5 out of 5 – Violence – And lots of it, as the book does take place in Nazi Germany and is very critical to the book’s impact. The large focus on the Führer of the story–Hitler–may leave a few people religiously on end. Hitler’s symbol does appear in various drawings, and there’s definitely a lot of “heil Hitler”-ing. A majority of the violence comes from the war, especially late in the book when Himmel Street gets bombed. Spoiler alert!–People like Rudy, Tommy, and Liesel’s foster parents die in the warlike scene; stomach lurching and/or tears are expected. Just to show she knows her right hook from her left, Liesel beats up a kid at school. Max also beats up his fighting buddy Walter Kugler with a jab to the nose, a right hook, and a punch to the ribs. As Kugler lay on the ground, tears flowed from his eyes but he wasn’t crying; “the tears had been bashed out of him”. Before I read the scene, I also read about lips discolored by blood that would eventually dry across the teeth. When Rudy fails to remember Hitler’s birthday, he gets an awkwardly horrific knife haircut. Before this occurs, with the knife and all you may have expect that Rudy was going to be killed. Liesel also tears up the pages of a book from the library of Ilsa Hermann, the wife of the mayor of Molching. (So I guess there’s “molch” ado about nothing there. :D) In one scenario, Rudy tackles Liesel to restrict her from running into a line of Jews to find Max from being led away. Another character named Frau Holtzapfel (known at first for spitting on the Hubermanns’ door every time she passed due to an old fight) has a son that hangs himself from a local laundry’s rafters. A bomber plane is downed at a river’s banks, and Rudy has the heart to console its pilot with a teddy bear as he thanks him with a dying breath. Hans also suffers a broken leg from a truck accident. Max develops an illness around winter 1942 and falls into a deep sleep that lasts for days that turn into weeks. A group of rowdy kids throw Liesel’s stolen book into a river, but Rudy is able to fetch it (remember that kiss he always wanted). One of the drawings shows two people standing at the peak of a mountain of dead bodies–this should remind you of Breaking Dawn. If it doesn’t, then good; you’re clean. :roll:
4 out of 5 – Inappropriate Content – There is one chapter called “The Thought of Rudy Naked” which literally contains 100% nudity. Three boys, one of them being Rudy, are forced to take off their clothes in front of a female doctor and perform their “first nude ‘heil Hitler’s”. As one boy undresses, Death states that “his self-respect was around his ankles”. “The thought of Rudy naked” then burns into Liesel’s mind, described as having “great dread”. The chapter uses uneasy words like “genitals” and “penises”. Rudy also keeps nagging at Liesel for a kiss throughout the book, and he never received that kiss for his entire life;–spoiler alert!–Liesel finally gives in and fulfills his wish after he dies in the street bombing.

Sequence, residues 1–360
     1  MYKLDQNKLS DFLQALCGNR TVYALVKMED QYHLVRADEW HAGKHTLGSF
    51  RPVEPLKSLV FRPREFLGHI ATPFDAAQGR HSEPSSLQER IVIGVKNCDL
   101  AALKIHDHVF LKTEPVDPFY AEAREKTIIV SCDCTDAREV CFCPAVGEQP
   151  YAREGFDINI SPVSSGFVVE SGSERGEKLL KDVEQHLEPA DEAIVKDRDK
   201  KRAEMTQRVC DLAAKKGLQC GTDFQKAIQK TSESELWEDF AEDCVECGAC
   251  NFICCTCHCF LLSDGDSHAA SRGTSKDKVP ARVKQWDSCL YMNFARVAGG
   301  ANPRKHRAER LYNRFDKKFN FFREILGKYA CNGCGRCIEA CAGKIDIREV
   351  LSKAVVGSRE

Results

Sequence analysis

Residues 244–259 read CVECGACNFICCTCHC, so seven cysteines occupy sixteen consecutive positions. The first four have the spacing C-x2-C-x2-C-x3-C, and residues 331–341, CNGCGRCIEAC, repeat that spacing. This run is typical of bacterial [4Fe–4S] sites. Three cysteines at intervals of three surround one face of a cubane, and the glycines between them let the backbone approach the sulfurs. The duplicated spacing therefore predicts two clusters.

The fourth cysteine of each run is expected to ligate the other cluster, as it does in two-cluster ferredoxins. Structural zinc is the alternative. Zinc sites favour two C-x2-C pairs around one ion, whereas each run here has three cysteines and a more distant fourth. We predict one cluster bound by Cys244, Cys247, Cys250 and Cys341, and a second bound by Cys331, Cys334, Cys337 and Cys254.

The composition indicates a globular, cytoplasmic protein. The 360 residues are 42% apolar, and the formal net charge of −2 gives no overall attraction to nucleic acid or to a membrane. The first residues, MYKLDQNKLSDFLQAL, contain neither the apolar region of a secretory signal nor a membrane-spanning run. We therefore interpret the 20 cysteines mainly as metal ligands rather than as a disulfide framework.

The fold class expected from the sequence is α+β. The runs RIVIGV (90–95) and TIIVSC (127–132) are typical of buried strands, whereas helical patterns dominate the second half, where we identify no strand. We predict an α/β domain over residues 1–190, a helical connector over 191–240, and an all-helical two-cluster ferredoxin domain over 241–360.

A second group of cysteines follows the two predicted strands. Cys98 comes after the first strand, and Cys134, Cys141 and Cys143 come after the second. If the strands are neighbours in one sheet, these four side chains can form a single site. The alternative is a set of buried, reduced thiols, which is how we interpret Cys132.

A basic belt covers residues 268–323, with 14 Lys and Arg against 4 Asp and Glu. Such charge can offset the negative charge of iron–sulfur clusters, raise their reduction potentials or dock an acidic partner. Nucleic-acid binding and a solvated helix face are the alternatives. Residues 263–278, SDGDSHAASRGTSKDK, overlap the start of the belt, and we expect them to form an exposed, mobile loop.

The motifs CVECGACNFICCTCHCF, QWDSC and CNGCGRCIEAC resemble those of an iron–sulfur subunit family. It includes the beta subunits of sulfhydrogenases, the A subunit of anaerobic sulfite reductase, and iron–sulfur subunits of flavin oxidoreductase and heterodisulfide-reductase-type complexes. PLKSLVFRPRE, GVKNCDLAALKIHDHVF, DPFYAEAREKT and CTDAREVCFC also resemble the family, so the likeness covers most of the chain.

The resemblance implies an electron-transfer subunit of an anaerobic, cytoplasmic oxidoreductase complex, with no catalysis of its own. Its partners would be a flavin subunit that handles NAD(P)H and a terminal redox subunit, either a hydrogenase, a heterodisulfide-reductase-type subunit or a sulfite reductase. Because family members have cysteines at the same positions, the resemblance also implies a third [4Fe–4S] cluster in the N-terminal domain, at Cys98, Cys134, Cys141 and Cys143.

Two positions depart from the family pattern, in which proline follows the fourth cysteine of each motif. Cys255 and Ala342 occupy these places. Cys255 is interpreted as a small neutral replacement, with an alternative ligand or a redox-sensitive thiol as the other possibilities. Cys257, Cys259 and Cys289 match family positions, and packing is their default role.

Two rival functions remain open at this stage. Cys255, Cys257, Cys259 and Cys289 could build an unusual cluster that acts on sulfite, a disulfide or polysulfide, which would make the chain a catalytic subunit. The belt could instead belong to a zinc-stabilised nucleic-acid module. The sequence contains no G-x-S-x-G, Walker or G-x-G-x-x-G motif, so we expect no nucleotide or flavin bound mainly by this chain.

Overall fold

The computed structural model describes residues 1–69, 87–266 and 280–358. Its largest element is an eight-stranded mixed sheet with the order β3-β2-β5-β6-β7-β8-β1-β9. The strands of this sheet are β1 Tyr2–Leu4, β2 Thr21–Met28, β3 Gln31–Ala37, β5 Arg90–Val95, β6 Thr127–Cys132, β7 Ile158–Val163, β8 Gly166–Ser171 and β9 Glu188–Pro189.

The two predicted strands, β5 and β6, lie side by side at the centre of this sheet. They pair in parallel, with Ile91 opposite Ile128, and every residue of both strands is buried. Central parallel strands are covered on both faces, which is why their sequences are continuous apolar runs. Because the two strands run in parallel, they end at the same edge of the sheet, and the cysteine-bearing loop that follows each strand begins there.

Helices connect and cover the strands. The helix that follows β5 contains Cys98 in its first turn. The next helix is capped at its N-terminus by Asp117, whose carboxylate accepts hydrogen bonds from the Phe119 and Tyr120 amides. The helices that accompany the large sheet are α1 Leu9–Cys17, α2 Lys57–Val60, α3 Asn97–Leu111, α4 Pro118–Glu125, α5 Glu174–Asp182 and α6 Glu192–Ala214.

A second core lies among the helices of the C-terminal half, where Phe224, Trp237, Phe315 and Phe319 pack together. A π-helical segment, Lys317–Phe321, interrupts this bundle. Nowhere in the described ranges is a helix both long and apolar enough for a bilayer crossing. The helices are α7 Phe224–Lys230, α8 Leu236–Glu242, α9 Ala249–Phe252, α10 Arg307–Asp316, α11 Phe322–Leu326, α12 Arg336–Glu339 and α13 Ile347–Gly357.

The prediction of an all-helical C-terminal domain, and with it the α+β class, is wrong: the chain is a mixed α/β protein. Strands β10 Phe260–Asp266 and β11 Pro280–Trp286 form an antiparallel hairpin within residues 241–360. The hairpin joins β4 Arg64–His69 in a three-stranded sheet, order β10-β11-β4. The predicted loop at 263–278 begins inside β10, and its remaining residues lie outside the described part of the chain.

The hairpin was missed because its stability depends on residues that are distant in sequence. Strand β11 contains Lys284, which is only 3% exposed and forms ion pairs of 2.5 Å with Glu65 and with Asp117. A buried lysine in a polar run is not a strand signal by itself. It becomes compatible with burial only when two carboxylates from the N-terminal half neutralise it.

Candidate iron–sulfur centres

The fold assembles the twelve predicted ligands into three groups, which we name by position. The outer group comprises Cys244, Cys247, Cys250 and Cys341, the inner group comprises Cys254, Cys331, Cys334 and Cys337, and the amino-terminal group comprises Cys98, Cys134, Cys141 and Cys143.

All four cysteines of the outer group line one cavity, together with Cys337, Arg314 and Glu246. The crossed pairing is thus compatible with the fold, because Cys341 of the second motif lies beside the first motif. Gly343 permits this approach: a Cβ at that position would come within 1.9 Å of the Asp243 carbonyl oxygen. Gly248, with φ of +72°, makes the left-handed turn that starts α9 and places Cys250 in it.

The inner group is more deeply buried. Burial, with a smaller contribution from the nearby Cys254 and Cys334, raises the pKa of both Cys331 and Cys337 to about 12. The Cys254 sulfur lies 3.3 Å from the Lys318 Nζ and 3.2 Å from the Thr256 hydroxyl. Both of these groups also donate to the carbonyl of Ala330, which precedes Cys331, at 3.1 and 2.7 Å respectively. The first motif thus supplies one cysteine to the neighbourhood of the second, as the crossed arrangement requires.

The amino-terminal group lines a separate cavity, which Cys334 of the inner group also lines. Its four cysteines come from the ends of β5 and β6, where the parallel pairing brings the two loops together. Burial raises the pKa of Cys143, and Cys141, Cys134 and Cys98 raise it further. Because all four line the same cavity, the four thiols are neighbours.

4 3/4 out of 5 – Language – Lots of expletives in both German and English. “S–t”, “a–“, “a–hole”, “bastard”, “slut”, and more four-letter words roll of the tongue in various occasions. The German equivalents of all these words, and then some, are also used: “scheisse/scheiße” (also combos like “scheisskopf” » “s–t head”), “arschloch”, “saukerl”, and also the commonly used “saumensch”. Religious oaths like “Jesus, Mary and Joseph” and “crucified Christ” are also used, plus other anti-Semitic curses and racist African-American remarks. You may know from the “Jesse Owens incident” that Rudy charcoal-ed himself black and ran the hundred meters. Well, not only is this racist, but I consider it blackface. :cry: :cry: :cry: :cry: :cry: :cry: :cry:
2 3/4 out of 5 – Product Placement – Book Thief is deemed “the most talked-about book of 2006″ and has won a bounty of awards, honors, and recognition, but the award that blazons several copies of the book is its “Michael J. Printz honor” title. The only consumerism you’ll ever come across is Hitler’s Mein Kampf (“My Struggle/Battle”) and its impact on the storyline.
3 3/4 out of 5 – Drinking, Drugs, and/or Smoking – Several characters (adults and kids 8-0) smoke and drink. One smoker blows his puff of smoke directly into Liesel’s face, and Holtzapfel once
teaches forces Liesel to smoke. Luckily I hope she won’t be counting on it ever again.
Entertainment: A+ (5 points)
Fun: B+ (3.5 points)